Saturday, October 11, 2014

Tuesday, March 25, 2014

Another Take on Cumin Lamb Stir-Fry

The New York Times this week offers this article and video on how to make Chinese-style cumin lamb stir-fry:
http://www.nytimes.com/2014/03/26/dining/a-lamb-at-play-in-a-field-of-cumin.html?_r=0

We have a similar recipe in our book, where we note that Traditional Chinese Medicine considers lamb among the warmest of meats. The spices are also warming, making this dish an excellent meal for the winter months or for anyone feeling a chill or experiencing fatigue.

Sunday, June 30, 2013

Foods for Summer - Cool as a Cucumber Salad


We've had our first really hot summer day this year in San Diego, which reminded me that traditional Chinese medicine advises us to eat according to the seasons. In the hot months of summer, certain types of food--which happen to be in season this time of year--help counteract the heat of summer and replenish lost body fluids.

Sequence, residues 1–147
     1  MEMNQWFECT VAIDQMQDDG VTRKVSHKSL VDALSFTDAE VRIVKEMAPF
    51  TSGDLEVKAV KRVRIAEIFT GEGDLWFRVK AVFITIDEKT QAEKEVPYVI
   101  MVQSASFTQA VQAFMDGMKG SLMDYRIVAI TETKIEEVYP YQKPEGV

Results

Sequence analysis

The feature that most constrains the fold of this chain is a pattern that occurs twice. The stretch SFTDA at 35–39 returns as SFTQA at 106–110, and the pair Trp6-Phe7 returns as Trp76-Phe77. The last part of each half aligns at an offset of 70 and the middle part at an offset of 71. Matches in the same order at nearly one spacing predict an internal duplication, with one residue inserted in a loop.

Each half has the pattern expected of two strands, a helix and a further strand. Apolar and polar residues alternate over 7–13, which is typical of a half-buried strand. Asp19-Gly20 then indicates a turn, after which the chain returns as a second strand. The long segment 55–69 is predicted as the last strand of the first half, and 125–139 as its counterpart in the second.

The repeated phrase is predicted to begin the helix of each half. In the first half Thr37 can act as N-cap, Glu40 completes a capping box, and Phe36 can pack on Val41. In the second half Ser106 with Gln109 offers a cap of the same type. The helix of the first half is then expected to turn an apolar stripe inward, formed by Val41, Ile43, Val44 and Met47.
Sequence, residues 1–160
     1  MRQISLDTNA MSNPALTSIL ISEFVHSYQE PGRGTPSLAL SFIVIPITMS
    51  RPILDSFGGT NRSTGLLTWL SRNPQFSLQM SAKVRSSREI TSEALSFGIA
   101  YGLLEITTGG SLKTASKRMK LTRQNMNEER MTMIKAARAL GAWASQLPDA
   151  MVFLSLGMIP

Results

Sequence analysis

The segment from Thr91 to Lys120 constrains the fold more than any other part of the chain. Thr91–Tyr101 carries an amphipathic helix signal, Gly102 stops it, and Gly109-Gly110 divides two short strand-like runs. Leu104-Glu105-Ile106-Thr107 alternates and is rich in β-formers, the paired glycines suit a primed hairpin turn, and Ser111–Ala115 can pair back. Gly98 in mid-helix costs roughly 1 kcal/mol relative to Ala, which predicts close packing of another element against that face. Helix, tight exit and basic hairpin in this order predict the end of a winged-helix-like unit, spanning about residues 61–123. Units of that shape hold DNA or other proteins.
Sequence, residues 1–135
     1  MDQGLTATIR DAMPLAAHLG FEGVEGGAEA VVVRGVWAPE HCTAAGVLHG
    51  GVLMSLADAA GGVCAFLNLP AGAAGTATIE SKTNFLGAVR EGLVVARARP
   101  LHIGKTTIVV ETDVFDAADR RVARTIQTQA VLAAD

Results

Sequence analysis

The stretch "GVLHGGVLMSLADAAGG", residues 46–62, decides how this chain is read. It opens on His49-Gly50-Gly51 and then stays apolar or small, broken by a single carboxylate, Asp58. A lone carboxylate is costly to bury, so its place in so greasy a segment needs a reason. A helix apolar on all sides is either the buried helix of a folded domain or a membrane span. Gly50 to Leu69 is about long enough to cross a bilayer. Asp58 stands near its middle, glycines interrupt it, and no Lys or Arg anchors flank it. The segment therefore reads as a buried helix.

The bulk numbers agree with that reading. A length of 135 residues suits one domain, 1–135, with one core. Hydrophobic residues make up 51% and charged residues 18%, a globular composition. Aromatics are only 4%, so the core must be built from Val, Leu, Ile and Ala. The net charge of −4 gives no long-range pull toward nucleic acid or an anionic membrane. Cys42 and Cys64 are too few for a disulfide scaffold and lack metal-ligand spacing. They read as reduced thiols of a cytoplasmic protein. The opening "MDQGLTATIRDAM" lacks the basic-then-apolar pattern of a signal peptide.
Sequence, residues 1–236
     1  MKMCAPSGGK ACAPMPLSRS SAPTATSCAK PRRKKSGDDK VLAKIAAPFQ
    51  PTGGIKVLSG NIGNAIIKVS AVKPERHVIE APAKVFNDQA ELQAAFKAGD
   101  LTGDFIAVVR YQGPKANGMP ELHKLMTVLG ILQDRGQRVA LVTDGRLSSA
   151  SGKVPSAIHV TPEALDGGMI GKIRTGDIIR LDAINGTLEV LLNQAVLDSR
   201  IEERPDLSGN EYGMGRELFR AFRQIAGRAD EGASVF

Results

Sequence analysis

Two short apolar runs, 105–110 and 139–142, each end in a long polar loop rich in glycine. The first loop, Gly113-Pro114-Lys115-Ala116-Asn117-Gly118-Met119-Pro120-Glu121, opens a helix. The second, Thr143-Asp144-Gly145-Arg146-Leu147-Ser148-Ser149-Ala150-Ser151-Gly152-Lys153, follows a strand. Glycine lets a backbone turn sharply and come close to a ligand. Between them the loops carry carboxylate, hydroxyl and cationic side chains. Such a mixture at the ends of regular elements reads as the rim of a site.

Good summer foods include watermelon, tomatoes, mung beans, cucumber, lotus root, coix, bean sprouts and ocean fish. In addition to their other benefits, fruits and vegetables help provide us with sufficient fluids and promote digestion. Traditional Chinese medicine also tells us that sour and salty foods ease irritability and insomnia from excess sweating.

Here's one simple and delicious recipe that helps counteract Summer Heat.

Cool-as-a-Cucumber Salad

Ingredients
1 medium-sized cucumber, peeled
Salt
1 clove garlic, crushed and then minced
1/4 cup wine vinegar
2 tablespoons dark sesame oil

Directions
1. Using a blunt instrument, such as the handle of a knife, pound the cucumber's surface to soften it slightly an absorb the salt and salad dressing. (Optional.)

2. Cut the cucumber in half lengthwise. Scoop out the seeds with a spoon, if desired. Then cut the cucumber widthwise into thin slices or slivers.

2. Sprinkle and toss with salt, to taste.

3. Combine the cucumber, garlic, vinegar, and sesame oil in a bowl and toss well.